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Independent contractor lessons from New York State

Recently, the New York State Department of Labor fined several contractors for misclassification of employees. In a sweep of 21contractors, more than half (12 in all) were found to have misclassified employees (over 200 workers). This amounted to thousands of dollars in fines, fees, and back taxes.

This is a direct result of the efforts of a Joint Task Force that the state of New York created to address this issue. Connecticut and many other states have or are considering similar task forces.

A couple quick lessons learned from these violations:

Contractors were doing the same work as employees and getting paid LESS.

We often think that independent contractors always get paid more than employees. In this case, the state found that some contractors had "off the books" employees who were paid a flat $100 a day -- up to $5.50 less per hour than employees. In some cases, the independent contractors were paid up to $10 per hour less than a small, core group of employees doing the same job.

This is a crucial area. In this case, it was blatant, and the employer was obviously paying some workers much less to increase profits. But in many cases, if you simply have an independent contractor performing the same work as an employee (same location, computer, desk, phone, etc.), that's enough to bring increased scrutiny.

One of the worst things you can do is supervise an independent contractor like you would an employee, or along with employees doing the same job. If you feel it's necessary to provide this oversight and management, an independent contractor might not be the best choice for the job.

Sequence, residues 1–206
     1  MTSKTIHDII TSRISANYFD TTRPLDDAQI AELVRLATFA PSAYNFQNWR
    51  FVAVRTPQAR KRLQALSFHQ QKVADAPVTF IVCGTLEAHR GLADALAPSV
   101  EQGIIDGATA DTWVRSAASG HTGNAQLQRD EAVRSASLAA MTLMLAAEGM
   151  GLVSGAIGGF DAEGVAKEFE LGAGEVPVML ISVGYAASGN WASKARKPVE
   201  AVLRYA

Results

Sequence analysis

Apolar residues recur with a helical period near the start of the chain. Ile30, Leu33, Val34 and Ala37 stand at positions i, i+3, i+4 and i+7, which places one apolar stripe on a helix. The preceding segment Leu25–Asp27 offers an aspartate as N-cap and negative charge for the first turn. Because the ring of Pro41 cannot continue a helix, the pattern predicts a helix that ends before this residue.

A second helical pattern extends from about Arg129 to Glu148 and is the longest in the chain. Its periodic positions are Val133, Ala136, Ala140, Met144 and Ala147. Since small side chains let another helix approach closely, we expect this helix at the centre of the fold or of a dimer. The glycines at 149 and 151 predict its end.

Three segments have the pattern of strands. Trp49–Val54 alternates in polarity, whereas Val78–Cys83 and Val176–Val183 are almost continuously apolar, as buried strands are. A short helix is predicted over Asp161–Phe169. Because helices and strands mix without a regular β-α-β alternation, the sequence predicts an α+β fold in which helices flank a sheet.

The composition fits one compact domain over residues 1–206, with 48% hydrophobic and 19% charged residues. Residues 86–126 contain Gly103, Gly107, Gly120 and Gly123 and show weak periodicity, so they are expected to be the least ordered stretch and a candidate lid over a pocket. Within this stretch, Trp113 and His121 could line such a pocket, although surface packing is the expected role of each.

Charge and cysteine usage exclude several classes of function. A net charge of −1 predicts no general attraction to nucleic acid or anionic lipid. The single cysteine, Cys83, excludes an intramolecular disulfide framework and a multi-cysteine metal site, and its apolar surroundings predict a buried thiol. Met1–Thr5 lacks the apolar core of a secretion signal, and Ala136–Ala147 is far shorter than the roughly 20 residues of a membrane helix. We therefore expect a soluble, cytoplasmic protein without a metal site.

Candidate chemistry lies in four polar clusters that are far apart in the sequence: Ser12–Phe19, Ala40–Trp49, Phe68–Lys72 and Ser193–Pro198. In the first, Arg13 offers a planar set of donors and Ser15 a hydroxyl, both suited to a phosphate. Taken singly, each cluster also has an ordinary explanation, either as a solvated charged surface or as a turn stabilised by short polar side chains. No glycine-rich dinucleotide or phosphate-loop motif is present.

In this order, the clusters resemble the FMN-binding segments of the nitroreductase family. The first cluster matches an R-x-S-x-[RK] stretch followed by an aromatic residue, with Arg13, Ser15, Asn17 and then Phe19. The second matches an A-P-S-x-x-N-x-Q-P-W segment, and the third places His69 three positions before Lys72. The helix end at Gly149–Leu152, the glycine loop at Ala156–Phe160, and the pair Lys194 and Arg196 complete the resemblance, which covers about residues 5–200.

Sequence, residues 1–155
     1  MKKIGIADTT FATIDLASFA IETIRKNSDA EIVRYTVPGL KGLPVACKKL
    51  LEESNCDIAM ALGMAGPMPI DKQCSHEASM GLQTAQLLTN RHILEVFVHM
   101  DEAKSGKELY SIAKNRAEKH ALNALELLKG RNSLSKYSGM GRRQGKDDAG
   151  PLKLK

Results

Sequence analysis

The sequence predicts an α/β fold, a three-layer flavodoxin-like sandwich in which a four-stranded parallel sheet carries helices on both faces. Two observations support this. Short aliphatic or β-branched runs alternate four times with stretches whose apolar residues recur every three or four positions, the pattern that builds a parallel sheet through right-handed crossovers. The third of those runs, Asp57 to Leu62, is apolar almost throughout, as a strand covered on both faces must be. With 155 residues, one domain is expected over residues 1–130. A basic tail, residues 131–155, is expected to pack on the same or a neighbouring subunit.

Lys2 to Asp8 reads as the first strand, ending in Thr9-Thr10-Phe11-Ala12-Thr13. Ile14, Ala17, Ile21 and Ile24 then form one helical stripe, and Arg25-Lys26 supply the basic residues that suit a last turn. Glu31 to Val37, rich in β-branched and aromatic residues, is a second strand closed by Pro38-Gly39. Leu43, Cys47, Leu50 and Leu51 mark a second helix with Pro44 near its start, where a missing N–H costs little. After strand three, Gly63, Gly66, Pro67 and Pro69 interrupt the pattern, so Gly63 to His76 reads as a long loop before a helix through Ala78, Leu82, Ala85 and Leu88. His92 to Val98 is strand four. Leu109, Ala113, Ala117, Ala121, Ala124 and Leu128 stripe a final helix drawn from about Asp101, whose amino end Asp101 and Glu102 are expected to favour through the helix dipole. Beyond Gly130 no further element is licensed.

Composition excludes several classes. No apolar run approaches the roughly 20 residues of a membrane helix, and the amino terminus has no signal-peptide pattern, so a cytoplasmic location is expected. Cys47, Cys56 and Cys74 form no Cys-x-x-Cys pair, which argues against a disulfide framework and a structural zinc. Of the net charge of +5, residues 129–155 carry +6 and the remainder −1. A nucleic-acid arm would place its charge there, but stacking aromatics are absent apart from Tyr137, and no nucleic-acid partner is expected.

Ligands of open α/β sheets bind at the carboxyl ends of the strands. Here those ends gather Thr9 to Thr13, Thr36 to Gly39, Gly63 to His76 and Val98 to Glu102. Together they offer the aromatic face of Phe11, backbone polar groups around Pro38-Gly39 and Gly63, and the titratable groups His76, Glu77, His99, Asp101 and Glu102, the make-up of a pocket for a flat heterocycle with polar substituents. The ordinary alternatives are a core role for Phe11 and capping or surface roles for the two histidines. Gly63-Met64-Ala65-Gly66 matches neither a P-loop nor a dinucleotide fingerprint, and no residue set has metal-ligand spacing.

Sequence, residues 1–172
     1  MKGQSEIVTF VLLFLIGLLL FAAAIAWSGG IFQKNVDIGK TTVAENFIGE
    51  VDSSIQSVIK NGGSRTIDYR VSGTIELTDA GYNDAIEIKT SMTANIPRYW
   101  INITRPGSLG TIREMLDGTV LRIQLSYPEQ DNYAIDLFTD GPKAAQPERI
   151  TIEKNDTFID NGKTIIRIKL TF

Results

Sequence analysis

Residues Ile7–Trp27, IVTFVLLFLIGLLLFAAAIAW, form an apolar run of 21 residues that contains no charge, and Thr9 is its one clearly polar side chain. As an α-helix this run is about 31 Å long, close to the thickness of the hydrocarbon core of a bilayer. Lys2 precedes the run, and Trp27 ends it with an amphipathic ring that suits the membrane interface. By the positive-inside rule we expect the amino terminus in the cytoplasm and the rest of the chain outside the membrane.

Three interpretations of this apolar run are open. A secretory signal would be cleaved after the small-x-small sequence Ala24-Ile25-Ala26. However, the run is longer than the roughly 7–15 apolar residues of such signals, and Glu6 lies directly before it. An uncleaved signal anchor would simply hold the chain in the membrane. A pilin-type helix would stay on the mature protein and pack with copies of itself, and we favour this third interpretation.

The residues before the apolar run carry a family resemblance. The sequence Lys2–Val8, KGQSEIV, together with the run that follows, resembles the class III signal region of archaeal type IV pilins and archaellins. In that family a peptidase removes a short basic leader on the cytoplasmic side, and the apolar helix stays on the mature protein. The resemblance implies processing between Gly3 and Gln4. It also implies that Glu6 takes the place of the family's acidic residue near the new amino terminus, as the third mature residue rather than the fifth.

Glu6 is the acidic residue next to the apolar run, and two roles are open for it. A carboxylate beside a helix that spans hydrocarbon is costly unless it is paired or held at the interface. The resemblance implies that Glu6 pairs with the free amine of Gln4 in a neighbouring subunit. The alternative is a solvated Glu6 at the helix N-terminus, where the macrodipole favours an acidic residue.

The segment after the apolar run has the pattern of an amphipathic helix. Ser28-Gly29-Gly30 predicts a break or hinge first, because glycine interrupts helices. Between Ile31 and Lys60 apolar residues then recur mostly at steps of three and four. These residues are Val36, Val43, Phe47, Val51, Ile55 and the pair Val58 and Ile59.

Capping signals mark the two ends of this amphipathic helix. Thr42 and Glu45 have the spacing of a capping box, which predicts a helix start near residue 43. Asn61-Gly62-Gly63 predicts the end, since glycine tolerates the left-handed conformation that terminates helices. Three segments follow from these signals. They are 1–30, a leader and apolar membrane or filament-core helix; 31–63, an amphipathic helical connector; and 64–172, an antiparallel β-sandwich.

Overtime rules were not followed.

In almost all cases, there were fines related to violations of overtime rules. Those getting paid a daily rate were working 48 hours a week with no overtime, while the core employees got overtime (again, for doing the same job). Many were working Saturdays after already working a full week at their low wage, so in essence, the employees were ripped off twice.

The contractors probably assumed that since they were categorized as independent contractors, they weren't eligible for overtime. But coupled with the fact that they were doing the same work as employees, and the employer had obviously manipulated their wages, the state went after them. While it might seem cheaper to try to skirt overtime, in the long run, it could be costly. In this case, the employers were forced to pay the workers overtime plus liquidated damages.

Another important take-away is the idea of subcontracting. That is, in effect, what these contractors were trying to do. They took the job, and then probably tried to say they were hiring independent contractors to do some of the work for them -- they were subcontracting it out. However, they controlled and managed the workers, along with the other pay and overtime violations above.

Adding insult to injury, according to the state, these were out-of-state contractors who probably severely undercut local contractors. That goes back to that old adage: If the deal seems too good to be true, it probably is.

This also raises some standard questions to ask anyone providing labor to your organization: Do you subcontract any of the recruiting services you provide? Are the temporary employees you provide always W-2 employees of your firm? If not, under what conditions would you provide an independent contract or a subcontracted worker?

If they can't readily answer these questions and understand the associated risk, you might be putting your company at risk by doing business with them.

Close scrutiny of contracts, supervision, and processes is required for proper management of a contingent workforce today. States like New York are leading the charge with a double-edged sword: to protect employees' rights and to make sure employers are paying their fair share.

Oh yes, and don't forget the federal government. It has an additional $25 million in the 2011 budget to keep pace with the states on this issue. What do you want to bet that number goes up when they start having some success? Even the government knows there's likely a good return on that investment.


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